Posts Tagged 'news'

Social News: Popularity Vs. Personalization

ReadWriteWeb has an interesting post on “collaborative filtering” on social news sites. The writer makes the point that there are two types of social news recommendation models: one that provides you with the most popular stories from all members of the site, and another that provides you with stories that are personalized to you based on your past reading habits and those with similar interests as you.

There are different camps here: Digg based on the former model of popularity and others such as Reddit, Stumbleupon and Searchles that recommend stories based on various forms of personalization. (There are also services such as Aggregate Knowledge and Loomia, which use some aspects of social recommendations to recommend related articles or products.) However, the two methods, popularity and personlization, are not mutually exclusive. Digg is about to implement a recommendation feature. And many sites, from big media sites to social media sites, could provide both a most popular section as well as personalized recommendations.

Fresh Ways To Visualize News

Online news has gone through many changes since its early days as a mostly text-based enterprise. Video and multimedia presentations are now standard fare on many top sites. But there is still room to innovate in the presentation of stories, audience debates and other information. For large news companies and individual bloggers alike, coming up with new methods of presentation to keep people coming back and stay longer is an ongoing goal.

The Color Of Debate

White Spectrum is an interesting interface to view debate about “White Season,” a BBC’s television series that examines the white working class Britain. The Flash-based White Spectrum arranges the comments as dots in a outer space-like design. Comments are sorted and float towards certain emotions such as anger, fear, hurt, happiness or caring. For example, a comment with the word “abuse” in it floats towards the emotional dot for “hurt.” One can quickly recognize where the intense or angry debate is happening on this potentially explosive subject. (via Information Aesthetics)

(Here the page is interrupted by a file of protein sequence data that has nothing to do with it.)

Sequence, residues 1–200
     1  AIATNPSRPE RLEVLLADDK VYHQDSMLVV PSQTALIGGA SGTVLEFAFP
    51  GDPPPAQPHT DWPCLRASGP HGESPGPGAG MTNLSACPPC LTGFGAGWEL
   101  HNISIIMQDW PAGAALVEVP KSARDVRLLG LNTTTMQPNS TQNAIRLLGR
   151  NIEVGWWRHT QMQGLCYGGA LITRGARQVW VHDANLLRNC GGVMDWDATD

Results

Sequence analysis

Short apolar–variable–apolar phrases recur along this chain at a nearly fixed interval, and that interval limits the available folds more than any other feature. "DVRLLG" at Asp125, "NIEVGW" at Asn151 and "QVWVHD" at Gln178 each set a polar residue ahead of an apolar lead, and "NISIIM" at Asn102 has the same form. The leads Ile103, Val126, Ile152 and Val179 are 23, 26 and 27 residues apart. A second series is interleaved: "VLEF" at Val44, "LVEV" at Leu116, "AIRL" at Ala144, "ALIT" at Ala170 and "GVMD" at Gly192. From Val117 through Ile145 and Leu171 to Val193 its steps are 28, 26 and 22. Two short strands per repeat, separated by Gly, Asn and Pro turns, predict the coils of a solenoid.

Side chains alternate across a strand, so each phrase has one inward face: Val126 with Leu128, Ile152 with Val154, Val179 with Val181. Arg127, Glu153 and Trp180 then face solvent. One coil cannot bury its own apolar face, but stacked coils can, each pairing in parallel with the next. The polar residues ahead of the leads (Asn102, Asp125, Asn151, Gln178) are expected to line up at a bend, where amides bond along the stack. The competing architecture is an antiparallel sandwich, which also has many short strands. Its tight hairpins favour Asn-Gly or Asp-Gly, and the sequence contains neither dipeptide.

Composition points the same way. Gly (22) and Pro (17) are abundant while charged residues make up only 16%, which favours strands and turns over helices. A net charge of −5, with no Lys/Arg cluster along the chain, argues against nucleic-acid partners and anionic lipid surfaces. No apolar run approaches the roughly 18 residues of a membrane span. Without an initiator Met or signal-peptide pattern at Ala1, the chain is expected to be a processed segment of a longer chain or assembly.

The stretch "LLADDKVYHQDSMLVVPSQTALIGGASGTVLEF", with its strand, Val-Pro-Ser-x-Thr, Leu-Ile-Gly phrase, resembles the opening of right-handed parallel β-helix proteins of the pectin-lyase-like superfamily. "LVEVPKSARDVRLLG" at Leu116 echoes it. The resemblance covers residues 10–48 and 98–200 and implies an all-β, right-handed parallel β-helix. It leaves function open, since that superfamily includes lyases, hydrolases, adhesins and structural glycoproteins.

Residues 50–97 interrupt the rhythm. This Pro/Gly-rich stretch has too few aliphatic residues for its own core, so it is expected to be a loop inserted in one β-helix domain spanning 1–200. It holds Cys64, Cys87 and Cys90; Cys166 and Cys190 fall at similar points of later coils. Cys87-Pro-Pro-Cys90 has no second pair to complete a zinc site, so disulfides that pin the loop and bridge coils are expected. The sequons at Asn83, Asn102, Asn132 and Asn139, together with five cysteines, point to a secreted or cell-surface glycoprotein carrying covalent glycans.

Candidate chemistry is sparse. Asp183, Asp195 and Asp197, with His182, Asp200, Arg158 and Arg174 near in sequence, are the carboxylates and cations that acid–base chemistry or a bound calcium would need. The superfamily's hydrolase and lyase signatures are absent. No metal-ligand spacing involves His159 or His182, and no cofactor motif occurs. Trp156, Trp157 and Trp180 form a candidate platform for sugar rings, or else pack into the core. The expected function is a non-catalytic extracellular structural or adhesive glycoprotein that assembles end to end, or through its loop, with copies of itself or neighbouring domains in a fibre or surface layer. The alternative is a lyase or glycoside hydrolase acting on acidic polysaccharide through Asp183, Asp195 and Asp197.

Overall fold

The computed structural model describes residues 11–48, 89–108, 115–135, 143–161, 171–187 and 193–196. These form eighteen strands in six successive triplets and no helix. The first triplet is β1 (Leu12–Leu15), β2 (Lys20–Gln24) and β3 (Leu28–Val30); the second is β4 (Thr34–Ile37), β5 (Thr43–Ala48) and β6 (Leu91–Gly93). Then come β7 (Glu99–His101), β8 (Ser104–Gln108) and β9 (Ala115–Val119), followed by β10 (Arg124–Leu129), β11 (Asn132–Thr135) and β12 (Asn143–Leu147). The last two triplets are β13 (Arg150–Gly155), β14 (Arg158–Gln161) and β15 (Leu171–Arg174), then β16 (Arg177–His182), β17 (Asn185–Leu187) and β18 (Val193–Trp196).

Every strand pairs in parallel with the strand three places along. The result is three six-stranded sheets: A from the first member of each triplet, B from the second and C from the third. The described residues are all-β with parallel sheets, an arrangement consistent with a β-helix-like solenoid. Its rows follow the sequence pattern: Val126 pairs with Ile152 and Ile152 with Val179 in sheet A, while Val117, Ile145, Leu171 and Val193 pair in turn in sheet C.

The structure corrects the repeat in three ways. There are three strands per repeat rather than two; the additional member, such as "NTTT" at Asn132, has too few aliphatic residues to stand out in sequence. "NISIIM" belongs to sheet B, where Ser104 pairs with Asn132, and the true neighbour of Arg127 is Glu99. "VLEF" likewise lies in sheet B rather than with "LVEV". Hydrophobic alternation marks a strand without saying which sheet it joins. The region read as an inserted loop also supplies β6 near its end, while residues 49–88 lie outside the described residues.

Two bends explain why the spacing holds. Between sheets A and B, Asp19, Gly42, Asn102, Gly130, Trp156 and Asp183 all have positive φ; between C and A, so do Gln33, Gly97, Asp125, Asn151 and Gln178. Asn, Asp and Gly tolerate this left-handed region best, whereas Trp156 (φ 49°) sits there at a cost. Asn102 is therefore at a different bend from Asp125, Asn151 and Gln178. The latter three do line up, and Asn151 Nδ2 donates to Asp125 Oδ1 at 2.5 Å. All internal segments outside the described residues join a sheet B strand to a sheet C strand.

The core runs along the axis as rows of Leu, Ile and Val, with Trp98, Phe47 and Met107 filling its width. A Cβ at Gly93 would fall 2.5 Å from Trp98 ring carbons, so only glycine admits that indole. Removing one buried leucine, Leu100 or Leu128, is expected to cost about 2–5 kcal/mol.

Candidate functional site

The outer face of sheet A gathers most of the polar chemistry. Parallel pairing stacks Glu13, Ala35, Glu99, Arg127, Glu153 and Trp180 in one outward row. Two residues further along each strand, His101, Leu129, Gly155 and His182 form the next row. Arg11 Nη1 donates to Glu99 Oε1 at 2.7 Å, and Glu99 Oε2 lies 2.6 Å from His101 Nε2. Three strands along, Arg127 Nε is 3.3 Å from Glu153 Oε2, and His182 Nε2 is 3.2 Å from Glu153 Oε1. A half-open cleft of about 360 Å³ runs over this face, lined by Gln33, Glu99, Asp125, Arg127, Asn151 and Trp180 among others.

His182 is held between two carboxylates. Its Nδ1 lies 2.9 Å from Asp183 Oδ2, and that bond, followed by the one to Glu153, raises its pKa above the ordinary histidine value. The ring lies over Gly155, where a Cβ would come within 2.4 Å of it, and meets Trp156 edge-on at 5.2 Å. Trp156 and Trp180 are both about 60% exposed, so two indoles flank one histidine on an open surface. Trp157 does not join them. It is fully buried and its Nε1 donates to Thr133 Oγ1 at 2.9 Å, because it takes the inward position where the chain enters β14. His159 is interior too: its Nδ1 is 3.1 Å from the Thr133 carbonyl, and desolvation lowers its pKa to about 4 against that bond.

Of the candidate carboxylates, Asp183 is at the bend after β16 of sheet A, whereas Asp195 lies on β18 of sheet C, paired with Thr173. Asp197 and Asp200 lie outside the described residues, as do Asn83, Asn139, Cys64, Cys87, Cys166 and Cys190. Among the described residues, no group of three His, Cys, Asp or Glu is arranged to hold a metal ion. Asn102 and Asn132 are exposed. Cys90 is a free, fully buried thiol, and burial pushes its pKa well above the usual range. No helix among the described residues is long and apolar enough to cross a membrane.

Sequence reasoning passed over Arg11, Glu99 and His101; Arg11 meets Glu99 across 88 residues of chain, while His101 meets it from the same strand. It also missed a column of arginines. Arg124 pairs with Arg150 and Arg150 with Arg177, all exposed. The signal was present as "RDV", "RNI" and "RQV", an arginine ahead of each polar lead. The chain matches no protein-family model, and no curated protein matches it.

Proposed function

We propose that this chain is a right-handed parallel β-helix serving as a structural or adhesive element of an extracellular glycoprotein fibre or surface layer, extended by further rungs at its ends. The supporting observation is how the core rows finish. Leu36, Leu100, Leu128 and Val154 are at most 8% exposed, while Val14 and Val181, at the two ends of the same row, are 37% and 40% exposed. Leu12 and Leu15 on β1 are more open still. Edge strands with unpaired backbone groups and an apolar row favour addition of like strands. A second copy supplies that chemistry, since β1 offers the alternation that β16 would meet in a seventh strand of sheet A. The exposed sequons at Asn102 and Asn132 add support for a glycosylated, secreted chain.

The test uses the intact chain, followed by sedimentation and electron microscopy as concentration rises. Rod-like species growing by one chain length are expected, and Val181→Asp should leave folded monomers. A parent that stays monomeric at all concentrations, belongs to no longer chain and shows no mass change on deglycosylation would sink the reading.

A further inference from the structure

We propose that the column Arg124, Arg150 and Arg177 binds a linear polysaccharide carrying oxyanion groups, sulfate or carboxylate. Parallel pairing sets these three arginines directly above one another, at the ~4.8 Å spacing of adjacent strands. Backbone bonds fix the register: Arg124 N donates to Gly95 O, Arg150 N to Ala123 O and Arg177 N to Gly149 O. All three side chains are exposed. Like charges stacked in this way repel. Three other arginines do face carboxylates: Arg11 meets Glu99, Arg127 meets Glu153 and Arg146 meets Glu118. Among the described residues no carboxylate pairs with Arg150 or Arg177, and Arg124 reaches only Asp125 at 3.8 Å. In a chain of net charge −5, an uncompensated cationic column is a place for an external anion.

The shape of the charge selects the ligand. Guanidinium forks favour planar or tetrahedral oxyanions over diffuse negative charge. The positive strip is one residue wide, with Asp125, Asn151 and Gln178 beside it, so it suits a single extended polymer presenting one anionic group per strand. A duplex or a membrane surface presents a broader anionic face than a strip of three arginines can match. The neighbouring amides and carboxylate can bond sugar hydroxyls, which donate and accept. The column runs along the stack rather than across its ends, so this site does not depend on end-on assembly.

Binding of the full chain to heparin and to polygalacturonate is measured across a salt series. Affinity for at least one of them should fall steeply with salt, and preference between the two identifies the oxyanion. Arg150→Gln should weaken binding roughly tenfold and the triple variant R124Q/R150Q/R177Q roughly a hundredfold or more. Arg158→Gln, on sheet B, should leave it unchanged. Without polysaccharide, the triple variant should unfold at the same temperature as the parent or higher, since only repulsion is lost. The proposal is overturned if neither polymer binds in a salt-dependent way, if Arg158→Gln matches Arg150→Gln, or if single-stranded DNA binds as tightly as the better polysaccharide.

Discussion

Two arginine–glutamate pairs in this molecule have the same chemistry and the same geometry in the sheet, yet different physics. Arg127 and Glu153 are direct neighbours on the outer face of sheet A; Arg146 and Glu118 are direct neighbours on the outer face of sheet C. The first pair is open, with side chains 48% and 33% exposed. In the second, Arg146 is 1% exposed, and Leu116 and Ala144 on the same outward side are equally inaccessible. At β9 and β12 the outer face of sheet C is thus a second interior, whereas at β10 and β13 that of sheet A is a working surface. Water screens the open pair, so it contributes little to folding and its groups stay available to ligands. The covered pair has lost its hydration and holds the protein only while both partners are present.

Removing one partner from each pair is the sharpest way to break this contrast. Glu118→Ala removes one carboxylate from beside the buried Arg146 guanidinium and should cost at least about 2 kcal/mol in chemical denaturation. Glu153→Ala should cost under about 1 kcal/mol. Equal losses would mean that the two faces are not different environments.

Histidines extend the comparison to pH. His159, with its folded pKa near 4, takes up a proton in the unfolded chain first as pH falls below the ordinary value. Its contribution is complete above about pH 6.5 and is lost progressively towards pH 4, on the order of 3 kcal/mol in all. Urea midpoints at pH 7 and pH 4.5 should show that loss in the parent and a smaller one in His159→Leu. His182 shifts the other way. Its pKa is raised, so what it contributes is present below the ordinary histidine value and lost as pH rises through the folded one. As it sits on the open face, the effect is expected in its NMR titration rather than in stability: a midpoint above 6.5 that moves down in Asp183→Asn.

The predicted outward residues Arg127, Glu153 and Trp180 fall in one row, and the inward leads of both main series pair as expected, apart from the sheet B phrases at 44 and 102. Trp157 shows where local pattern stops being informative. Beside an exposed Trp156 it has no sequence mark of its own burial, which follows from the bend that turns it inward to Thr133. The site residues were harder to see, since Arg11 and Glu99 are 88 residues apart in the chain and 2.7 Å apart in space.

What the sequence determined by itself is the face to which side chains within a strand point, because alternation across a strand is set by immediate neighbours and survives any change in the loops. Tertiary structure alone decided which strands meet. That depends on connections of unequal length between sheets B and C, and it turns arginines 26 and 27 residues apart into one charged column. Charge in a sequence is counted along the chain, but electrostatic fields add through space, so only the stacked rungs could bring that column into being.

Fun With Headlines

Our Signal

An intensely graphical display of news headlines comes from OurSignal, a mashup of social news sites Digg, Reddit, Delicious and Hacker News. The headlines are arranged in boxes, which are categorized by color and presented at different sizes based on popularity. The site’s form follows its functional design , allowing you to quickly zero in on news breaking across this part of the Web.

News As Games

News as Game

But who wants to read news, when you can play games? NewsBreaker is a RSS news reader disguised as a game of Pong. The site was designed by Fuel Industries, for MSNBC’s A Fuller Spectrum of News Campaign. It’s like a souped up game of Pong, except when you break blocks, headlines float down and are saved at the side of the game and can be read later. It’s an example of gaming (“funware“) spreading across the Web. Reading news can be fun. Who knew?

And Much More

This is just the beginning of innovation around news presentation and storytelling. For more interesting ways of visualizing the news, check out multimedia guru Mark Luckie’s take. He has examples of photo streams, live news cameras, map extravaganzas and other interesting designs and presentations.